After mapamok starts up and loads your model, the next thing you want to do is calibrate your projector. This should take less than ten minutes the first time, and less than one minute after that.

First, while mapamok is in selection mode, use left-click-drag to rotate your model around until you find a perspective that shows you a view of the scene that is similar to what the projector sees. The selection mode view does not influence the calibration process, so finding a similar perspective is strictly for your convenience.

While looking at your computer monitor, hover over one of the blue points, and it will turn into a larger magenta point with a number label. Click to select it, and it will turn yellow. Now hit space to toggle from selection mode to render mode. You will see a copy of the point you selected. Still looking at your computer monitor, click on and drag the point. It will turn yellow while you are dragging it.

While dragging the point, look at the real scene you are projecting on. Drag the projected point until it lines up with the real corner that corresponds to the virtual model. When you are done, hit space to switch back to selection view.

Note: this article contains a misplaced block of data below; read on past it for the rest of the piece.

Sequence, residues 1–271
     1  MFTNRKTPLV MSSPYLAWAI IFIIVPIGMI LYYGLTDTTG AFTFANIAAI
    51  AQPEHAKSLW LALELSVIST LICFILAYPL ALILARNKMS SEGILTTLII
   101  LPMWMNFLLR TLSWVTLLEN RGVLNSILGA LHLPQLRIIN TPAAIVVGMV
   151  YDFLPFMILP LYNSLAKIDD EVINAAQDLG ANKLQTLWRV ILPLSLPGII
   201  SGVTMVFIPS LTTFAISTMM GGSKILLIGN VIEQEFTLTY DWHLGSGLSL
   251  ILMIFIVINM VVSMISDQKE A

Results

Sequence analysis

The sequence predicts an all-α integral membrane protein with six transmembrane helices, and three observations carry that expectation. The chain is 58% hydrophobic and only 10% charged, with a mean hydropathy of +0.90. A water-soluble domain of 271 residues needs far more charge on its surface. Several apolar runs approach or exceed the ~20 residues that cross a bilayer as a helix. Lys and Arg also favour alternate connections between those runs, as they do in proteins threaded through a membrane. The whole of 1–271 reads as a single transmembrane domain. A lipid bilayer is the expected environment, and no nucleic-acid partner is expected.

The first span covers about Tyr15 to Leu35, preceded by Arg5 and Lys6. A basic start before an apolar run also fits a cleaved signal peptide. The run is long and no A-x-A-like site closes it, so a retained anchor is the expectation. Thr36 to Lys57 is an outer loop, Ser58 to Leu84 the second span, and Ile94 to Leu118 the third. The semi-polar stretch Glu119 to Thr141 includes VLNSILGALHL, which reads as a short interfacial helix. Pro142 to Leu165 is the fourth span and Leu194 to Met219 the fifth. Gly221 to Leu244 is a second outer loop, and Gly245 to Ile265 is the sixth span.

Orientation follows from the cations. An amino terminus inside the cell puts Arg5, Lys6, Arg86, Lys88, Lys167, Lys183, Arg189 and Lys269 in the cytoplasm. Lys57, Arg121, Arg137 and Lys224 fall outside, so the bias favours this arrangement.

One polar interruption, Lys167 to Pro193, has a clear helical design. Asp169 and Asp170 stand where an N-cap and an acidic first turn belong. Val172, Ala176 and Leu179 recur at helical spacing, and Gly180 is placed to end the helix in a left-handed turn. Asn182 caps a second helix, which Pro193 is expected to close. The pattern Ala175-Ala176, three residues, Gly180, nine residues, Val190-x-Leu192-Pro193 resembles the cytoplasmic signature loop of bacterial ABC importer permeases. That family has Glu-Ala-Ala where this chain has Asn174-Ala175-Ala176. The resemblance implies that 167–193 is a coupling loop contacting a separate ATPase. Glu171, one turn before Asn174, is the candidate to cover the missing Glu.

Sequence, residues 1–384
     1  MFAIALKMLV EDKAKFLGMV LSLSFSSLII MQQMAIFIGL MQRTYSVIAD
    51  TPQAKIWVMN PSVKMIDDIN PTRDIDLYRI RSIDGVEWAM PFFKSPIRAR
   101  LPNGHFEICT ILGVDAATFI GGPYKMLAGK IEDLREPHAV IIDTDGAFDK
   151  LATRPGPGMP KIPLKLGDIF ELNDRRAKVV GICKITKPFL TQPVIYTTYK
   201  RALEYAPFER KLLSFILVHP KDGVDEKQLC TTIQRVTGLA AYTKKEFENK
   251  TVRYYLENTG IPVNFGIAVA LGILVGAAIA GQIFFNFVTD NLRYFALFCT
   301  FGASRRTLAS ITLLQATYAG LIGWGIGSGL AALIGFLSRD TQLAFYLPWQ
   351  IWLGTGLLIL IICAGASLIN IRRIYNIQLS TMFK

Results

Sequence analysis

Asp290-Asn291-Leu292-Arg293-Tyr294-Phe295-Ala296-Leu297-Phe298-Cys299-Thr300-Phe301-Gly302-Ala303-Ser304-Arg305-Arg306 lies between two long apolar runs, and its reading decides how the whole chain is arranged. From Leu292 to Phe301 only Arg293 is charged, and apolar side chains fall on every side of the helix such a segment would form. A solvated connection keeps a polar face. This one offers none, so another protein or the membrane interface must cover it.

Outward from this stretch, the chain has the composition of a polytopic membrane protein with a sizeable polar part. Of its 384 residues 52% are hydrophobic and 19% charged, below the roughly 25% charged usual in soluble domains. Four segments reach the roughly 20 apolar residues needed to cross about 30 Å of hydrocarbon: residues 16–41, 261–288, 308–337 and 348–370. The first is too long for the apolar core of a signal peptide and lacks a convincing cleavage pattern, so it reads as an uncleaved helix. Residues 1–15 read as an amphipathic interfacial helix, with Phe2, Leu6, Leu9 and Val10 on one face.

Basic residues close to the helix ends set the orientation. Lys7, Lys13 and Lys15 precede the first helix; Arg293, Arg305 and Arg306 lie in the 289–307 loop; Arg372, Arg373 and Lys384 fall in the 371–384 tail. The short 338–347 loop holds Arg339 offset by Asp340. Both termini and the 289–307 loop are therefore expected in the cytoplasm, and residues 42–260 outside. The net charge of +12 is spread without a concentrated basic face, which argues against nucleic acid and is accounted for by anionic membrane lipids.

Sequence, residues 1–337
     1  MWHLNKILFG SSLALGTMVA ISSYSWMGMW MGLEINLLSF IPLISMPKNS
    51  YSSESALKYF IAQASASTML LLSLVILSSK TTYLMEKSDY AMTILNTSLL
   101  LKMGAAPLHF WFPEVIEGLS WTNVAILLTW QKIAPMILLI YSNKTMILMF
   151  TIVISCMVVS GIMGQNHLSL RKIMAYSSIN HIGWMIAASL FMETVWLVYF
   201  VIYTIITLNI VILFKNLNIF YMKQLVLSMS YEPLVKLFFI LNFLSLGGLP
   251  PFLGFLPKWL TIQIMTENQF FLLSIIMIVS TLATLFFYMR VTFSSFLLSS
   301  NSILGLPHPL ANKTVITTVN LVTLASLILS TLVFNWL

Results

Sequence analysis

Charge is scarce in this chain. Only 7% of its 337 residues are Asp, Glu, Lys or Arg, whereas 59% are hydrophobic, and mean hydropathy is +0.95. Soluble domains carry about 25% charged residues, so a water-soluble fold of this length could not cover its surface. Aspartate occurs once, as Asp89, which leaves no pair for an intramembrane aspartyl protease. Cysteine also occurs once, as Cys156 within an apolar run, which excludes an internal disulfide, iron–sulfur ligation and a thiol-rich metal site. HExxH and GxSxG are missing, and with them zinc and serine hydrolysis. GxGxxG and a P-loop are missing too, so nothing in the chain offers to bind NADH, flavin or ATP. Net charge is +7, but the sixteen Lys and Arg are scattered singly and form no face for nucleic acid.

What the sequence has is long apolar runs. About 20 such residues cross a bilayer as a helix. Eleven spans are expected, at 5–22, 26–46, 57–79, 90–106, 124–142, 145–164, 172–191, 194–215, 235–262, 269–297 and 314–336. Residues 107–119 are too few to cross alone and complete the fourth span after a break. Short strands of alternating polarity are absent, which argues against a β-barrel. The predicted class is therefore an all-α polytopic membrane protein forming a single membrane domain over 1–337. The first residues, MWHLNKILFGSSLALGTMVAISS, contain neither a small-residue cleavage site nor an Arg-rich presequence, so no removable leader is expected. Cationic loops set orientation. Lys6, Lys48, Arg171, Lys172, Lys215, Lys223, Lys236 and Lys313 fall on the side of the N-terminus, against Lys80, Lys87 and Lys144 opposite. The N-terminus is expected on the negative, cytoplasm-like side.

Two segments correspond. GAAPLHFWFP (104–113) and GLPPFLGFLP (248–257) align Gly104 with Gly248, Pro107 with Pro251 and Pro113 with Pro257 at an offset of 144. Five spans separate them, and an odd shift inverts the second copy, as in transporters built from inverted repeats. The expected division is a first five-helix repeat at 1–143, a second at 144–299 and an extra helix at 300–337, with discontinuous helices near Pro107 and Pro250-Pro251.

Look back at your monitor, and select another point in the scene, repeating the above process. Once you have selected six points, mapamok will try to make an initial guess about your projector: what the focal length is, where it is in relation to your scene, and how it's oriented, etc. Sometimes it takes seven points, but you should aim for between 8-12 points.

If your model is generally accurate, and your lens is not too distorted, this process will always work. Here are some tips to keep in mind while picking and places the calibration points:

  • If it looks like the model wireframe does not line up with the real scene, try placing more points. You shouldn't need more than 12 points to get a good calibration.
  • If your calibration still doesn't line up, make sure to check that your points are lined up with the correct corners of the real world. If one or two points are wrong, it can skew the calibration in strange ways.